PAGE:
Today in History:

5 Series I Volume III- Serial 3 - Wilson's Creek


Greely & Gale being known as strong Union men saved them from close scrutiny. No doubt many arms, the mortars corresponding to the beds, and other war materials were received, agreeably to numerous reports made, but which can be obtained only by a thorough search over the city. Of the material besides tents, baggage, camp equipments, &c., left in camp by the troops, were 1,200 rifle muskets of United States manufacture, late model, 58 caliber; 6 field pieces, brass; 25 kegs of powder; from 30 to 40 horses, and several arm chests of arms understood to be like the 1,200 muskets mentioned.

During the surrender of Camp Jackson and their passage into our lines a mob attacked our force, a published account of which will be transmitted. The prisoners, some 50 officers and 639 men, were marched under guard to this post, previous to which Camp Jackson was taken possession of by two regiments of volunteers and two companies of regulars, under command of Captain Sweeny, who remained in possession all night, bringing the entire camp equipage and munitions of war into this arsenal this morning. To-day the prisoners were all released (with the exception of one captain, who declined this parole)-the officers on their parole of honor not to fight against the United States during this war, and the men on their oath to the same effect. You will see by the returns of an election of brigadier-general for the volunteer brigade raised here, that I have been elected to this office, which, so far as depends upon me, I have accepted, and the duties of which I am now performing under the authority of the President. This subject is submitted for such action as the Department may determine to be proper.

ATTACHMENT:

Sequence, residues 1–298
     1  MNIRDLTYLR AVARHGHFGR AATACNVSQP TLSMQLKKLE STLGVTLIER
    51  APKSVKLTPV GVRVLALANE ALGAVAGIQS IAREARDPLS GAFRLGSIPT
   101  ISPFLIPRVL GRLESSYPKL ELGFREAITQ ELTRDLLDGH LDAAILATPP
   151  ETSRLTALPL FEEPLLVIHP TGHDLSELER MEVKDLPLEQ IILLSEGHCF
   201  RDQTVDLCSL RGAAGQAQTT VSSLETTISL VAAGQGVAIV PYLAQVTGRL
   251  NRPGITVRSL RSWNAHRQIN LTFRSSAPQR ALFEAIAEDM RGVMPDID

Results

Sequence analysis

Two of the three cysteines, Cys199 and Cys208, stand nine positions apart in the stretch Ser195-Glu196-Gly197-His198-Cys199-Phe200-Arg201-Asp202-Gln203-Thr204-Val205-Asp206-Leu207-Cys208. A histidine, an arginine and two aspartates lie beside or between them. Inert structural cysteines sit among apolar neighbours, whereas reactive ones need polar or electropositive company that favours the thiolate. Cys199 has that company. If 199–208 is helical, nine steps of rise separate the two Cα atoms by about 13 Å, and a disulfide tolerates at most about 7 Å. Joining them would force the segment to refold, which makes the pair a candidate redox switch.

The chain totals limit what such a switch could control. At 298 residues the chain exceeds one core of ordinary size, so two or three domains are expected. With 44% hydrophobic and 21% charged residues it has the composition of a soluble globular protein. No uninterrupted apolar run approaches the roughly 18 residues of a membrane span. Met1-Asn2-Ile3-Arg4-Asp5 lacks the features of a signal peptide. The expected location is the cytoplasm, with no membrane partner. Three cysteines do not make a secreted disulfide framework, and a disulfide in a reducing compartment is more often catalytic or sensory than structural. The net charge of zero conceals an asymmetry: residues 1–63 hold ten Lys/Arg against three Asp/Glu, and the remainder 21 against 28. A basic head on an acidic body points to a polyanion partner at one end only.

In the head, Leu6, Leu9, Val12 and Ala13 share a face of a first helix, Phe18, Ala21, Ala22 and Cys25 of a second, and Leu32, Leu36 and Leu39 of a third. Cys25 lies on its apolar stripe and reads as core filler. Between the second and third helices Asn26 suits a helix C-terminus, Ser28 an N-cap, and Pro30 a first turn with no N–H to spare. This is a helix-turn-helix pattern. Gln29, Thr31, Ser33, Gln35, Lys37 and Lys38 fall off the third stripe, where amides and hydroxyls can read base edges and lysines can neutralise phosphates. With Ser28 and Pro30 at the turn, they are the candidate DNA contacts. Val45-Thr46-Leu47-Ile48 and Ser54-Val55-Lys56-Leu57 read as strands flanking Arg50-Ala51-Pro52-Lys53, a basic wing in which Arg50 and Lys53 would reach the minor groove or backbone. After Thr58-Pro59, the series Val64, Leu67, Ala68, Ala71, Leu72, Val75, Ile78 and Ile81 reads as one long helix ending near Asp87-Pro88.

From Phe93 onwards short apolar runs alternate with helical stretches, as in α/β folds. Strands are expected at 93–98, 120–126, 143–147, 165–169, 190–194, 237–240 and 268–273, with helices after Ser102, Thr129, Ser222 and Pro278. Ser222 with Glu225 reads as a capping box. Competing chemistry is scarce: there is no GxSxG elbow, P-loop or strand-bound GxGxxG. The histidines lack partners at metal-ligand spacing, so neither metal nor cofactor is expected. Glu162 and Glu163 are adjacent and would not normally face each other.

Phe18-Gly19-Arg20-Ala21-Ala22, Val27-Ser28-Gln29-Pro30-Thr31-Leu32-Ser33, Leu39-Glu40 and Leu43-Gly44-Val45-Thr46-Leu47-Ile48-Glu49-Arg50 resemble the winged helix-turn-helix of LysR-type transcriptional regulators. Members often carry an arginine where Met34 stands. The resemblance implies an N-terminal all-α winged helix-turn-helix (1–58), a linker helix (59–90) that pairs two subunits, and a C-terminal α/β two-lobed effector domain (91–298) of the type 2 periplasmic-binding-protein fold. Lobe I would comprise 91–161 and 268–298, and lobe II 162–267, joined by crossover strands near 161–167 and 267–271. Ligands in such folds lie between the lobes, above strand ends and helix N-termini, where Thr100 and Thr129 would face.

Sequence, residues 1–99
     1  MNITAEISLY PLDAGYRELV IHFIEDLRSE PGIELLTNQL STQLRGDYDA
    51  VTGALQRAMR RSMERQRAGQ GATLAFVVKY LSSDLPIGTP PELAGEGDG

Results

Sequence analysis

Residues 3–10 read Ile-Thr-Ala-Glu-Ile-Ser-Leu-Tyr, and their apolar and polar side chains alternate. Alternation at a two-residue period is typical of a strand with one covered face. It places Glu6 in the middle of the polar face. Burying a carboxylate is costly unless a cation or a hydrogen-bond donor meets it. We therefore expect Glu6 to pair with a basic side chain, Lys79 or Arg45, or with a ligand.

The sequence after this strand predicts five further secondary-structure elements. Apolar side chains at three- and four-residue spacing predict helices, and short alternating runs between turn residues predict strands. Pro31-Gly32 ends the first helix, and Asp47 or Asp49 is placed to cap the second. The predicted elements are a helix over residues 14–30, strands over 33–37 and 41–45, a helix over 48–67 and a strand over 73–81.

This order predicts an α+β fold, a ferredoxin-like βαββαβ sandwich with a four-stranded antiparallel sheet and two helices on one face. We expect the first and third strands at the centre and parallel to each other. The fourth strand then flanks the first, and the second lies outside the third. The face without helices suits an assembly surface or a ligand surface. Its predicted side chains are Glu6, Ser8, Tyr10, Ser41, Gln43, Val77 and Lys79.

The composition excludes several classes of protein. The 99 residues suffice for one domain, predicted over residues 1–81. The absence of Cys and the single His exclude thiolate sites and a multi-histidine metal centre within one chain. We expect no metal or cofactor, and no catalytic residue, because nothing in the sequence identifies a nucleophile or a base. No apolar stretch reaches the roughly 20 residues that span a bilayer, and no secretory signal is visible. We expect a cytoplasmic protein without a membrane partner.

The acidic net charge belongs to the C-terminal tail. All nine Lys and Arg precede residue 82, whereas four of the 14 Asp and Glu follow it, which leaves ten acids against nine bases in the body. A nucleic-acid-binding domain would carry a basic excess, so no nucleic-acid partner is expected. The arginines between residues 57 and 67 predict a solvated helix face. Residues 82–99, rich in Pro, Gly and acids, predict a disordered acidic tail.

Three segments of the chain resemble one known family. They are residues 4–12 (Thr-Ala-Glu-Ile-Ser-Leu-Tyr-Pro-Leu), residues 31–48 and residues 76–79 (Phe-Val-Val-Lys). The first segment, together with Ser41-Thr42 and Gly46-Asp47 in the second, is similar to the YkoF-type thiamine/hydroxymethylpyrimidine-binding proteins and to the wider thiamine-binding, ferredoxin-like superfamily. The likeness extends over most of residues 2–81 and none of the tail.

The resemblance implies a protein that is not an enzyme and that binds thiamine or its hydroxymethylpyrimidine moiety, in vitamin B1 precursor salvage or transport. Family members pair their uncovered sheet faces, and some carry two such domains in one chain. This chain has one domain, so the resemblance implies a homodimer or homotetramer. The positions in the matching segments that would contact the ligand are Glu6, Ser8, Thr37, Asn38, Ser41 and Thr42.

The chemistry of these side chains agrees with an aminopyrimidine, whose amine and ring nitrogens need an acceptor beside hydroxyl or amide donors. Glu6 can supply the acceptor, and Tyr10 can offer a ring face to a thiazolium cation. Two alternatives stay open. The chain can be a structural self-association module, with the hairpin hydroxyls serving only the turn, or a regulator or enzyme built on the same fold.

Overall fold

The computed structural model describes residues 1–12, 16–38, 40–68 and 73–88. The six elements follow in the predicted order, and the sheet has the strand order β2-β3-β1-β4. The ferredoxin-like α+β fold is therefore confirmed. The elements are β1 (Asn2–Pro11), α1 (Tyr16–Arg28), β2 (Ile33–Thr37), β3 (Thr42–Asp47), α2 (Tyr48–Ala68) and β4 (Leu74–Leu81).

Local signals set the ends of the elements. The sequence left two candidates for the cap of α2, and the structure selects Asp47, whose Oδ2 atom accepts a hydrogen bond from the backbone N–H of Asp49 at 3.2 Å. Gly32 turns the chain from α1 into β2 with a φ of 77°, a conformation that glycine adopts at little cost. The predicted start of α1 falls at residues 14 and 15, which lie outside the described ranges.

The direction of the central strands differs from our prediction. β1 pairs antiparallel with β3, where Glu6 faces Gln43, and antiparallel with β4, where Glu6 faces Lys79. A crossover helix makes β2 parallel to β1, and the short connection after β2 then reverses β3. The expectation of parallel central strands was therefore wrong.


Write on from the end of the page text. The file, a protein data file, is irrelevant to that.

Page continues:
Since the foregoing was written, I have noticed among the stores taken from Camp Jackson were parts of muskets, all separate, and apparently without ever having been put together, and were doubtless taken in this condition from the arsenal.

It is proper and gratifying to mention that Captain Callender, in charge of the ordnance, has not, either through punctilious exactions about forms and responsibilities or assumed monopoly of corps above the power of the Government itself, attempted to embarrass me, but, on the contrary, has cordially and most efficiently co-operated to advance the Government interests.

Colonel F. A. Dick, of this city, who has to this time served as adjutant-general of the brigade of volunteers, will be the bearer of this, and visits Washington on business connected with the Government interests at this place.

Respectfully, your obedient servant,


Captain, Second Infantry, Commanding.

Colonel L. THOMAS, Adjutant-General U. S. Army.

[Inclosure A.]

May 10, 1861.

SIR: I am constantly in receipt of information that you contemplate an attack upon my camp, whilst I understand that you are impressed with the idea that an attack upon the arsenal and United States troops is intended on the part of the militia of Missouri. I am greatly at a loss to know what could justify you in attacking citizens of the United States who are in the lawful performance of duties devolving upon them under the Constitution in organizing and instructing the militia of the